Support our mission
 
South Korean officials place flowers Tuesday at the foot of a monument to Task Force Smith. The ceremony marked the 55th anniversary of the battle between the outnumbered task force and columns of enemy tanks and infantry.
South Korean officials place flowers Tuesday at the foot of a monument to Task Force Smith. The ceremony marked the 55th anniversary of the battle between the outnumbered task force and columns of enemy tanks and infantry. (Franklin Fisher / S&S)
South Korean officials place flowers Tuesday at the foot of a monument to Task Force Smith. The ceremony marked the 55th anniversary of the battle between the outnumbered task force and columns of enemy tanks and infantry.
South Korean officials place flowers Tuesday at the foot of a monument to Task Force Smith. The ceremony marked the 55th anniversary of the battle between the outnumbered task force and columns of enemy tanks and infantry. (Franklin Fisher / S&S)
This monumment in Osan City honors Task Force Smith, the U.S. Army unit that fought the first ground engagement against North Korean invasion forces in the Korean War.
This monumment in Osan City honors Task Force Smith, the U.S. Army unit that fought the first ground engagement against North Korean invasion forces in the Korean War. (Franklin Fisher / S&S)

JOONG MI PASS, South Korea — U.S. military brass and South Korean officials gathered Tuesday near where greatly outgunned U.S. troops paid “a terrible price” 55 years ago to slow an advancing North Korean army.

As a South Korean army band softly played hymns, a succession of officials placed flowers at the gray stone base of a monument in Osan City to mark the Korean War’s first ground engagement between U.S. and North Korean forces: the July 5, 1950, battle of Joong Mi Pass.

The monument honors Task Force Smith, named for its commanding officer, Army Lt. Col. Charles B. “Brad” Smith. The task force was part of the 24th Infantry Division, with soldiers drawn from 1st Battalion, 21st Infantry Regiment and supported by Battery A, 52nd Field Artillery Battalion.

The task force sent more than 400 troops into the battle at Joong Mi Pass, where it suffered more than 100 casualties.

When North Korea invaded South Korea on June 25, 1950, the 24th Infantry Division was rushed to Korea from peacetime duty in Japan. It was among the first U.S. units to arrive.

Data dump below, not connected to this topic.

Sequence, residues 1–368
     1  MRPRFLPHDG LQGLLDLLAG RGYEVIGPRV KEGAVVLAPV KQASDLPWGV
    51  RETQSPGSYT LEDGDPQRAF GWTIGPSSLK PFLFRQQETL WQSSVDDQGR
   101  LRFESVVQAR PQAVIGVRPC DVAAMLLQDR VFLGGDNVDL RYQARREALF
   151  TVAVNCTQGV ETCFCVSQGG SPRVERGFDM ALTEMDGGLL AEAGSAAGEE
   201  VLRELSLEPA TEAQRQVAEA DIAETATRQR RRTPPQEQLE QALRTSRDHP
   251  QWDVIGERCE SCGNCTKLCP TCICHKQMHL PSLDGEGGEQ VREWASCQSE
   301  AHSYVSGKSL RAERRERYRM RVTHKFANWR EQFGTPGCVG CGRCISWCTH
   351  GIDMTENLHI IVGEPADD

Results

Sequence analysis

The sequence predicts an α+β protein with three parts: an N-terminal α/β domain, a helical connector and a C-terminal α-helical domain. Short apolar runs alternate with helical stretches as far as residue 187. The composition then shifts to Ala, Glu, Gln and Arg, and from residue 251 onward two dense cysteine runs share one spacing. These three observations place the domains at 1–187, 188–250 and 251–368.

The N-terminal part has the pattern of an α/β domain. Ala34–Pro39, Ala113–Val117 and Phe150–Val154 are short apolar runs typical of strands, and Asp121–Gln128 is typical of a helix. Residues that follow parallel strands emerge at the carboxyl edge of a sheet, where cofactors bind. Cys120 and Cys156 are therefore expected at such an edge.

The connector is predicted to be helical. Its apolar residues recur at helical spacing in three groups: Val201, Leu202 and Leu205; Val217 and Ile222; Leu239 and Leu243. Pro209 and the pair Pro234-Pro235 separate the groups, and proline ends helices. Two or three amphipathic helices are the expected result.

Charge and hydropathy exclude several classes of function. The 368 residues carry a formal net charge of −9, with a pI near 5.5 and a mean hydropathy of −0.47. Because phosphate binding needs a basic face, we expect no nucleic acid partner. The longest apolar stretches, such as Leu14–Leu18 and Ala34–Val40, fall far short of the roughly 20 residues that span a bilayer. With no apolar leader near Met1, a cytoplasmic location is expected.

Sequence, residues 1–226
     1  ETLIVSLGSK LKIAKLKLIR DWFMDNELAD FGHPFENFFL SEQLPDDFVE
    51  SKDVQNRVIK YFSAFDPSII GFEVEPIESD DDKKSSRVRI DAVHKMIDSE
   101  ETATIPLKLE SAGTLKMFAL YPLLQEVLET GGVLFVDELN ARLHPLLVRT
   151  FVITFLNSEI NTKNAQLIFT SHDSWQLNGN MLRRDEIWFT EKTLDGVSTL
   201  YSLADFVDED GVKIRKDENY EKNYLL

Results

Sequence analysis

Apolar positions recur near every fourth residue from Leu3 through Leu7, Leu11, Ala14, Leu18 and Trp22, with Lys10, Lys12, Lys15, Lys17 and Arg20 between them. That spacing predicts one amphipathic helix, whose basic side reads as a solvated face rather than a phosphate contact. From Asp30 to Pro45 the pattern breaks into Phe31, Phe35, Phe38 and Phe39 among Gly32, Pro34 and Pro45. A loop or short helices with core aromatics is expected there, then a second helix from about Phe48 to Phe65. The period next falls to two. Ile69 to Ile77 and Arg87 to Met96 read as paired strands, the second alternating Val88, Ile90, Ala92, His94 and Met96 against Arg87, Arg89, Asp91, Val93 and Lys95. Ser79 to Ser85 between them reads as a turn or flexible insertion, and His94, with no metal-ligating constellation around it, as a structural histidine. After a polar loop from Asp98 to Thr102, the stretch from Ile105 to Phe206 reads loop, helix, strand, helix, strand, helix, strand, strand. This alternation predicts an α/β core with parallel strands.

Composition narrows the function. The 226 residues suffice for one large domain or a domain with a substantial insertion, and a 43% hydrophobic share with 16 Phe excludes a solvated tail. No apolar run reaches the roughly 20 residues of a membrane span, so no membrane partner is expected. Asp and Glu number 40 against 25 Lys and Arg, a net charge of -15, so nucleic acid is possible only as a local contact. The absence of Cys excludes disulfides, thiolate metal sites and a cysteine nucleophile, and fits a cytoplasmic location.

By July 1950, North Korean tanks and infantry were pushing south along a highway toward Osan.

On July 5, Task Force Smith, the forward-most U.S. unit on the peninsula, moved to slow the North Korean advance, setting up a blocking position around 3 a.m. at the pass.

But when the North Korean force appeared that morning around 7 a.m., Task Force Smith’s recoilless rifles, mortars, 2.36-inch bazookas and 105 mm howitzers were unable to stop the Soviet-made T-34/85 tanks.

North Korean infantry assaulted the outnumbered Americans. By the afternoon, the task force fell back toward Taejon.

There, on July 20, the remainder of the 24th Infantry Division again tried to stop the North Koreans but was pushed back behind the Naktong River into what became known as the Pusan Perimeter.

The delaying action, “although at a terrible price … had bought time for the remainder of the 8th U.S. Army … to move from Japan to Korea,” Army Brig. Gen. Joseph Martz said in brief remarks at Tuesday’s ceremony. Martz is an assistant 2nd Infantry Division commander.

Acting Osan City Mayor Lee Jung-yeol said: “I give the warmest tribute to the memory of brave souls who gave their precious life for the preservation of peace and freedom.”

Migrated

Stripes in 7



around the web


Sign Up for Daily Headlines

Sign-up to receive a daily email of today’s top military news stories from Stars and Stripes and top news outlets from around the world.

Sign up